The influence of plastic surfaces on the conditioning film and subsequent biofilm succession

, Rummel Christoph, Lechtenfeld Oliver, Kallies René, Benke Annegret, Herzsprung Peter, Rynek Robby, Wagner Stephan, Potthoff Annegret, Jahnke Annika, Schmitt-Jansen Mechthild.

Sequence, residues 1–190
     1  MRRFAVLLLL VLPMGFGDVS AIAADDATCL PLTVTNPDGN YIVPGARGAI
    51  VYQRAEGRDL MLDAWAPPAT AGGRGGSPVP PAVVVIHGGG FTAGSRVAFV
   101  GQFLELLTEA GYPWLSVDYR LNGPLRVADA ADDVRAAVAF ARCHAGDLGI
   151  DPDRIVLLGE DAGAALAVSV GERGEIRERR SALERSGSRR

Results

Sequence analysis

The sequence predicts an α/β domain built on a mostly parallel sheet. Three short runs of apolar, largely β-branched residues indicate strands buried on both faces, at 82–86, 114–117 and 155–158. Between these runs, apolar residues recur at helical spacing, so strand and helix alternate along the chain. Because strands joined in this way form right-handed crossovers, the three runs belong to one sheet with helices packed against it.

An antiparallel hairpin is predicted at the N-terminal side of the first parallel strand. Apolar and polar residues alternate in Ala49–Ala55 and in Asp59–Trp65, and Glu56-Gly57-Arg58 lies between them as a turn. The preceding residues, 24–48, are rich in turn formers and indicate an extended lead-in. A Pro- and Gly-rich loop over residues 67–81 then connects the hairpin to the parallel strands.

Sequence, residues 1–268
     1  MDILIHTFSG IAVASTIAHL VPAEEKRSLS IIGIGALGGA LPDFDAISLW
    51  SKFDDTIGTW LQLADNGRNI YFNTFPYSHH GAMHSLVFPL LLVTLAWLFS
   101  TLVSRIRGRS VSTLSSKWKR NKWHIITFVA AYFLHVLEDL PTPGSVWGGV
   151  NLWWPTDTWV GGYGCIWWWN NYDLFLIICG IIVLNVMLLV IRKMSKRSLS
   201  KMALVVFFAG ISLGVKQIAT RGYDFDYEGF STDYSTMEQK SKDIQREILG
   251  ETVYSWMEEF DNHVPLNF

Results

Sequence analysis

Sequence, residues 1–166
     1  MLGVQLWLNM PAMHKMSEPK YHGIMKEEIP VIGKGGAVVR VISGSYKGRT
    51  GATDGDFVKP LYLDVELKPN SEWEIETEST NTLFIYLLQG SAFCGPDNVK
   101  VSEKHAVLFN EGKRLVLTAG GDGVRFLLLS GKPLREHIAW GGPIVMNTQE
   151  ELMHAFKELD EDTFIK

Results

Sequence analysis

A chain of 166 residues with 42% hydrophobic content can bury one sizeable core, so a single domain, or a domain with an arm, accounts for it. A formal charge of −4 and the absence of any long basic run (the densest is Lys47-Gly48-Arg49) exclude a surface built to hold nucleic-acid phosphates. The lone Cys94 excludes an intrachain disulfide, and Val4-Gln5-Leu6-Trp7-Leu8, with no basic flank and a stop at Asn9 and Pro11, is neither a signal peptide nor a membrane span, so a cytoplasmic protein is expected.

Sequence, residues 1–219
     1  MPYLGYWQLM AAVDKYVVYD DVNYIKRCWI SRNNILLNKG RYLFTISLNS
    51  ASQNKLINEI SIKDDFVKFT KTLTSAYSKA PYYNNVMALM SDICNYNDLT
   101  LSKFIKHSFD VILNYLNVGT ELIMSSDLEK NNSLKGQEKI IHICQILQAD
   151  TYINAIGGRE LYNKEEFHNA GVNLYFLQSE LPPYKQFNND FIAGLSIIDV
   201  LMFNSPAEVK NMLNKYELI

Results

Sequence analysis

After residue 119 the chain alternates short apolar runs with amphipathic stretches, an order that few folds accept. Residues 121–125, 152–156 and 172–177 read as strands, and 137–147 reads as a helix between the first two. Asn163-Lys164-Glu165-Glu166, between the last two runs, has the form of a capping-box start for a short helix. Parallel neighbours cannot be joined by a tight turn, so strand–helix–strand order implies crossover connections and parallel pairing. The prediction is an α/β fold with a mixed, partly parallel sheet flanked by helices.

It is still under debate if and how the ‘plastisphere', a plastic-specific microbial community, can emerge and which the underlying processes are. The initial conditioning film of adsorbed dissolved organic matter (DOM) is thought to play a key role for microbial pioneer attachment and subsequent early biofilm formation. In this study, we tested the hypothesis that DOM sorbs selectively to substrates that display different surface properties. Further, we tested whether subsequent early microbial attachment is governed in a substrate-dependent manner. We investigated the adsorption behavior of DOM to polyethylene terephthalate (PET), polystyrene (PS), and glass as a reference material. The organic matter (OM) composition was characterized by Fourier-transform ion cyclotron mass spectrometry and compared to the DOM in the original incubation water. Only a fraction of the original DOM adsorbed to the substrates. We identified major differences in the molecular OM composition between the substrates which were additionally modified by a weathering treatment. The biofilm community was investigated after 24 h and 72 h of incubation by 16S and 18S rRNA gene amplicon sequencing. Early biofilm communities showed a clear time-dependency, however, we could identify a minimal but detectable substrate-specificity for biofilm attachment after 24 h. Conclusively, the adsorbed OM layer reflects the materials' surface properties to some extent and passes on these surface properites to the OM-water interface which in turn may govern microbial colonization.

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